## [JAC252] Geometry Optimization of a Solenoid Valve

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### Overview A solenoid valve is used to adjust the inflow or outflow of liquids or gases by using the translational movement of its iron core. If an electric current is passed through its coil, an electromagnet is created and an electromagnetic attractive force is generated between the mover and fixed parts. Since high responsiveness is required for valve opening and closing, an important item to evaluate is whether or not the power source used for driving and the solenoid valve meets the required responsiveness and required attractive force.
In order for a solenoid valve to function well, it is necessary to improve control signal responsiveness. To this end, it is necessary to shorten the displacement time of the mover. However, since the degree of freedom in the structure of a solenoid valve can be increased, there is a demand to minimize the volume of the solenoid valve. In order to satisfy these conditions, applying automatic processing using an FEA optimization function can greatly reduce man-hours.
In this example, an example where the geometry of a solenoid valve is optimized using a multi-objective optimization algorithm is presented.

### Optimization Conditions

The mover displacement time is the measured time from when the coil is energized until the mover reaches its final position. Therefore, the influence of the mover geometry on the displacement time is focused on.
Fig. 1 shows the geometry parameters which are variables. Geometry parameters for optimization can be represented by two parameters, the radius and a notch coefficient. Table 1 shows equations for parameters showing the relationship between geometry parameters.
In this example there is a trade-off in that the volume becomes large when the mover displacement time is short and the mover displacement time becomes long if the volume is small. Optimization is performed to shorten the displacement time and minimize the volume. Table 2 shows the optimization design variables, a constraint condition, and the objective functions.   ### Displacement time and volume Fig. 2 shows the volume vs. displacement time graph. It is assumed that the plunger reaches the drive range upper limit (final position) 0.06 sec or before. Cases that do not satisfy this assumption are excluded.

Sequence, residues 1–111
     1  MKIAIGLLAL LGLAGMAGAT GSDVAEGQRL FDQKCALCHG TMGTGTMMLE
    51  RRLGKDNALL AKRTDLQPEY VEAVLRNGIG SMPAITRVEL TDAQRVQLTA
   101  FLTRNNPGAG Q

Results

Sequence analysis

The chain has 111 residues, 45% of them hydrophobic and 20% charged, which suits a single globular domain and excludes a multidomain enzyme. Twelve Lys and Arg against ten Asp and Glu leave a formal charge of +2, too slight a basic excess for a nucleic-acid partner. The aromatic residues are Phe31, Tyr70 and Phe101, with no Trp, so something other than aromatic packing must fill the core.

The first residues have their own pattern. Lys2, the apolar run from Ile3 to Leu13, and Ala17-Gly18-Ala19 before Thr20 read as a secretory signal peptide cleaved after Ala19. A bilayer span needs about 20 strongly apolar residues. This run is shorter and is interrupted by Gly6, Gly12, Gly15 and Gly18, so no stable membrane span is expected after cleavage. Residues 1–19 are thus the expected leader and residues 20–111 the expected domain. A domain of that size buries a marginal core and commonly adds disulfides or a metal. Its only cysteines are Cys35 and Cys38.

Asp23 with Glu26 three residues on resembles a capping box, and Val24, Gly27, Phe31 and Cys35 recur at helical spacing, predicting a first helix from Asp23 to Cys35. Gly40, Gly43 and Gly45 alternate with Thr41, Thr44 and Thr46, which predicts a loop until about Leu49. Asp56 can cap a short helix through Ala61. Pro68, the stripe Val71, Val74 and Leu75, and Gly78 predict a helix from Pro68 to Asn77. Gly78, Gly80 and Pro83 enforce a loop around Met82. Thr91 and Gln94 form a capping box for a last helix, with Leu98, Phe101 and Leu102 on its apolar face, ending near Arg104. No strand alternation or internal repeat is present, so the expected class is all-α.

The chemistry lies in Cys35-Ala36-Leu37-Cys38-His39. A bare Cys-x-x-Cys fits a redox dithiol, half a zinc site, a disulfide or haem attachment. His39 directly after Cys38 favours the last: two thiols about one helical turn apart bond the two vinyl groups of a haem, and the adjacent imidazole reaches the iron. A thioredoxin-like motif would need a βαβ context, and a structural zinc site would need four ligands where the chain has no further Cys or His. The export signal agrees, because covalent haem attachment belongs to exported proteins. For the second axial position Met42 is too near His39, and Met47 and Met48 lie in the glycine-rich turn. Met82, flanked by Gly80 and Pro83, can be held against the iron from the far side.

It can be seen that increasing the radius thus the volume shortens the time for the mover to reach its final position. The minimum displacement time is 16.8 msec, for which the radius is 7.9 mm and the volume is 15,621 mm^3.
The case for the initial design values is indicated by a yellow marker, and the case for the minimum displacement time is indicated by a red marker. Comparing the case for the minimum displacement time with the case for the initial design, for the minimum displacement time case the displacement time decreases by 32% but the volume increases by 23%.

### Volume times displacement time vs. radius In order to find the optimum value between the displacement time and the volume, the volume times displacement time (volume × displacement time) is evaluated. A graph of volume times displacement time vs. radius is shown in Fig. 3. It is assumed that the plunger reaches the drive range upper limit (final position) 0.06 sec or before. Cases that do not satisfy this assumption are excluded.
The case for the initial design values is indicated by a yellow marker, and the case for the minimum displacement time is indicated by a red marker. In Fig. 3 it can be seen that the optimized values are 224 s·mm^3 for volume times displacement time and 6.16 mm for the radius. In this case, the volume decreases by 5% from the initial design and the volume times displacement time decreases by 28%. This shows that the displacement time for a given volume improves.